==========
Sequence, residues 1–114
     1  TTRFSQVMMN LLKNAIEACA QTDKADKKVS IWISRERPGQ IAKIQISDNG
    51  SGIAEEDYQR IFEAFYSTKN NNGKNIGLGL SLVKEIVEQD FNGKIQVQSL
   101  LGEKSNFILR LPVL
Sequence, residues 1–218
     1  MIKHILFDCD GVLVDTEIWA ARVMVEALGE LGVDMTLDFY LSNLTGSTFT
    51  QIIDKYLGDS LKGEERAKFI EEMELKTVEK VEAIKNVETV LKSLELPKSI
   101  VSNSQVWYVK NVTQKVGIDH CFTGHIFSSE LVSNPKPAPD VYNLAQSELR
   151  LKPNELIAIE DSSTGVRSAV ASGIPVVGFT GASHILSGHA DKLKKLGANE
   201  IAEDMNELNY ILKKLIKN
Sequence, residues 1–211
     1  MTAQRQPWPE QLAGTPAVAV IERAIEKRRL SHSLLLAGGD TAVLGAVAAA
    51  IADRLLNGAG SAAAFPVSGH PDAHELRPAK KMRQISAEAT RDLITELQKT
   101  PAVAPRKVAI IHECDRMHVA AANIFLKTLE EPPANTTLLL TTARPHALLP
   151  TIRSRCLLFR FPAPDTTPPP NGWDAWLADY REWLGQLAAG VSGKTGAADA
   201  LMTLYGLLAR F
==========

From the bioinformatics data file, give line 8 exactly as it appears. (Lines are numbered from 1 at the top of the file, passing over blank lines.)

   101  VSNSQVWYVK NVTQKVGIDH CFTGHIFSSE LVSNPKPAPD VYNLAQSELR